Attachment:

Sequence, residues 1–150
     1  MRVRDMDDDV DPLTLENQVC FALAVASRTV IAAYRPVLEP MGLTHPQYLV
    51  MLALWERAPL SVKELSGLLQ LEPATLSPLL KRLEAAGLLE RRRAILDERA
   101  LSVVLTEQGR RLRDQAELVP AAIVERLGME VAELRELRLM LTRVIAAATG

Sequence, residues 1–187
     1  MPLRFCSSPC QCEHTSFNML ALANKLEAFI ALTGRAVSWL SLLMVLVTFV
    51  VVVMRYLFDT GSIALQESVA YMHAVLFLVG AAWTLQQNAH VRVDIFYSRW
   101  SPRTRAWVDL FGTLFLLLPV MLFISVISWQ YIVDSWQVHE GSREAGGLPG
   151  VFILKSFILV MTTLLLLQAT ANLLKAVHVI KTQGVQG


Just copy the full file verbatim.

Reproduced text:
Sequence, residues 1–150
     1  MRVRDMDDDV DPLTLENQVC FALAVASRTV IAAYRPVLEP MGLTHPQYLV
    51  MLALWERAPL SVKELSGLLQ LEPATLSPLL KRLEAAGLLE RRRAILDERA
   101  LSVVLTEQGR RLRDQAELVP AAIVERLGME VAELRELRLM LTRVIAAATG

Sequence, residues 1–187
     1  MPLRFCSSPC QCEHTSFNML ALANKLEAFI ALTGRAVSWL SLLMVLVTFV
    51  VVVMRYLFDT GSIALQESVA YMHAVLFLVG AAWTLQQNAH VRVDIFYSRW
   101  SPRTRAWVDL FGTLFLLLPV MLFISVISWQ YIVDSWQVHE GSREAGGLPG
   151  VFILKSFILV MTTLLLLQAT ANLLKAVHVI KTQGVQG